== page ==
18 November 2019
Three quarters of Derbyshire officers who responded to the Police Federation’s annual pay and morale survey said they are dissatisfied with their overall pay package.
A total of 88 per cent of Derbyshire respondents said they did not feel they were fairly paid for the stresses and strains of their job with 81 per cent saying they did not feel fairly paid for the hazards of their role.
A shocking 40 per cent said they worried about the state of their personal finances either daily or almost every day, with 70 per cent revealing they felt they were worse off financially than they were five years ago and eight per cent reporting never or almost never having enough money to cover essentials.
“Officers join the police service to serve their communities and often put themselves in harm’s way to serve the public,” says Tony Wetton, chair of Derbyshire Police Federation.
“I think at the very least, police officers should receive a basic pay and allowances package that reflects the role they play in society and the dangers they face as part of their role.
“It seems wrong to me that so many of our members are admitting they are struggling to make ends meet and I hope the Government and other decision-makers take on board the findings of this survey.”
The survey also revealed that 73 per cent of Derbyshire respondents felt morale within the Force is currently low (compared to 87 per cent nationally), with 48 per cent saying their own morale is currently low, the 11th lowest in the country with the national figure being 57 per cent.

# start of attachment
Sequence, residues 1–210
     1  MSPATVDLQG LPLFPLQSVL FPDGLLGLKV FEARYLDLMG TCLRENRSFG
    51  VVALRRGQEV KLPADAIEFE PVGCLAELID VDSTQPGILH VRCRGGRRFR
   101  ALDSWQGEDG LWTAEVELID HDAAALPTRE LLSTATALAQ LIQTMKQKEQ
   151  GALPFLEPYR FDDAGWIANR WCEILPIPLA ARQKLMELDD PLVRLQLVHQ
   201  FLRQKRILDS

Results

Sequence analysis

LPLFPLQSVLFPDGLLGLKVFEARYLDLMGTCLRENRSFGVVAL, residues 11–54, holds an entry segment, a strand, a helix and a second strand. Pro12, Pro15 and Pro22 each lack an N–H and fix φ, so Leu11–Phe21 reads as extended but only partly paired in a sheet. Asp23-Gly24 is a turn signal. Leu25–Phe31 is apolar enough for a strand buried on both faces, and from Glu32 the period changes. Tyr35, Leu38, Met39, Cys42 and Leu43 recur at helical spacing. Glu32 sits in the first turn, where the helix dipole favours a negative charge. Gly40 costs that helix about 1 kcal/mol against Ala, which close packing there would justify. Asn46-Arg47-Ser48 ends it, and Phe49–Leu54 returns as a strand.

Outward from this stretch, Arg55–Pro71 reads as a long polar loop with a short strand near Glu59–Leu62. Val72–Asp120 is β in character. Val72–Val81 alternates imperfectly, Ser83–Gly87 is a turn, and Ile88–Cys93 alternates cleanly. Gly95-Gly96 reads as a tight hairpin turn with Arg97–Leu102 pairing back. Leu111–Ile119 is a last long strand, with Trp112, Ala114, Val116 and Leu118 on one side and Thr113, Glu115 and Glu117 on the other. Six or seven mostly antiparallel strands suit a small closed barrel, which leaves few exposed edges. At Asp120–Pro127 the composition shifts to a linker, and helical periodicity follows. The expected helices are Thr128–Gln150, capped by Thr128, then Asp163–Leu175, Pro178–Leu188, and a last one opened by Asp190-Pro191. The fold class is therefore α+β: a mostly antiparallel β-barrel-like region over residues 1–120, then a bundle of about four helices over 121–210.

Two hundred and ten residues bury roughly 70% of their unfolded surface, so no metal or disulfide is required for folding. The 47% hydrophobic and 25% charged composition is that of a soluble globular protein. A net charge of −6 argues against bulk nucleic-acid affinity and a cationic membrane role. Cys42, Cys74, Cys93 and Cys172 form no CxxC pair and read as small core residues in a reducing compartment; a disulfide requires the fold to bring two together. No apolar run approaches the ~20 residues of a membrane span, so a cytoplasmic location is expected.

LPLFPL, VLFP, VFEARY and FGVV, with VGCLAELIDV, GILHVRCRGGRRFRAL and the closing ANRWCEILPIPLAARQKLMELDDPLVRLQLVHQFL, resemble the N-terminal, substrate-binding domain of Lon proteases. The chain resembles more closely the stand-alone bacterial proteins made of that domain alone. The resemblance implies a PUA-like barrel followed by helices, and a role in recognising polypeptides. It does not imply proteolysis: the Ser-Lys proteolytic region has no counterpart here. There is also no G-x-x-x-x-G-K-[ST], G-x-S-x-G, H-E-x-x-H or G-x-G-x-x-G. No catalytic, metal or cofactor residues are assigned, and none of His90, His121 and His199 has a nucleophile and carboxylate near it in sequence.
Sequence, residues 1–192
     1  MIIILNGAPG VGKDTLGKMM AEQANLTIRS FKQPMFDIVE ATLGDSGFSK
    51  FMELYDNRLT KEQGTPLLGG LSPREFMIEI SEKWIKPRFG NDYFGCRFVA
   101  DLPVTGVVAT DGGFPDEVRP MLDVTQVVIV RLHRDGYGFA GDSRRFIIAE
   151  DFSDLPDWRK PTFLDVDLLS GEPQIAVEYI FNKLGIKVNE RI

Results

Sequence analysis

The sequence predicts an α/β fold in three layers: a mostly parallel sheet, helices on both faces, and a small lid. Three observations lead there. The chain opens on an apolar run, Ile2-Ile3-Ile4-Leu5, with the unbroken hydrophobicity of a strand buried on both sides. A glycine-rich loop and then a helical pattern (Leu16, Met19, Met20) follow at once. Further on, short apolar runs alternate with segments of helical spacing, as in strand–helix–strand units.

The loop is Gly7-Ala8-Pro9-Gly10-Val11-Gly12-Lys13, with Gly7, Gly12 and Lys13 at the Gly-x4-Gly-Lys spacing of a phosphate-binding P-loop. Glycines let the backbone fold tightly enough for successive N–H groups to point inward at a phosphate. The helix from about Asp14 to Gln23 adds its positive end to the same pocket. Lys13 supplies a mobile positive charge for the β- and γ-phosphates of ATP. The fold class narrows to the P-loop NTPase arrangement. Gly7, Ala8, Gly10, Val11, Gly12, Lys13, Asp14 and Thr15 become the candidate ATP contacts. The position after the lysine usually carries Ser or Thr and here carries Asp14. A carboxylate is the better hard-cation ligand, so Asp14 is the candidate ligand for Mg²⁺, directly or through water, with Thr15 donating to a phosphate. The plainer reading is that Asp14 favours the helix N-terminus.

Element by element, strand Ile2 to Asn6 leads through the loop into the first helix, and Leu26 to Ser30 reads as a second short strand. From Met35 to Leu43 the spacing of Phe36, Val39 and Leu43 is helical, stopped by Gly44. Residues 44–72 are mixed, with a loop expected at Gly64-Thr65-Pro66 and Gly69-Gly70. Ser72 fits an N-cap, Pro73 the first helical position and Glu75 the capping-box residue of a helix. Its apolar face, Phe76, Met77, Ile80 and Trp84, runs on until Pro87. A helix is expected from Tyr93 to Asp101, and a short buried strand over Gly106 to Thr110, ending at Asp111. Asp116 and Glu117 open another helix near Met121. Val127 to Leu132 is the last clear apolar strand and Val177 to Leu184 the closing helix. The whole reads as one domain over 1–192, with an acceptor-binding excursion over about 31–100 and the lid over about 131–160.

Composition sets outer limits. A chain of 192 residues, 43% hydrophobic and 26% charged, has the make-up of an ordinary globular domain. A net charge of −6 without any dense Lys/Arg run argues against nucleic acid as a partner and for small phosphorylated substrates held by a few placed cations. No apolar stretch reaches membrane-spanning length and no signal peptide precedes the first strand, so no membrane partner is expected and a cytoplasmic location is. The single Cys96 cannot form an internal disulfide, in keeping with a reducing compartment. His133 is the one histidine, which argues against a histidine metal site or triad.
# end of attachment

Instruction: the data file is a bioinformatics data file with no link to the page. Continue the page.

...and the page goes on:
The reasons given by Derbyshire officers for low morale were how the police are treated as a whole (77 per cent), pay and benefits (76 per cent), management of change within the police (67 per cent), workload and responsibilities and health and wellbeing (both 53 per cent), work-life balance (49 per cent), opportunities for development and promotion (43 per cent), day to day job role (40 per cent) and treatment by senior managers (31 per cent).
The Derbyshire members’ responses also reveal that 62 per cent would not recommend joining the police service to others and one in 10 intended to leave policing within the next two years or as soon as possible.
Morale was cited as the main reason for wanting to leave (75 per cent) with pay and benefits and the impact of the job on health and wellbeing being given as the key factor for 69 per cent of respondents and how the police as a whole are treated for 66 per cent.
The pay and morale survey is carried out by the Police Federation of England and Wales each year with the responses being used to provide evidence in its negotiations with the Government, forces and other stakeholders.
A total of 425 responses were received from Derbyshire Police Federation members this year, a response rate of 24 per cent compared to a national response rate of 16 per cent.
The survey opened on 10 June this year and closed on 30 August.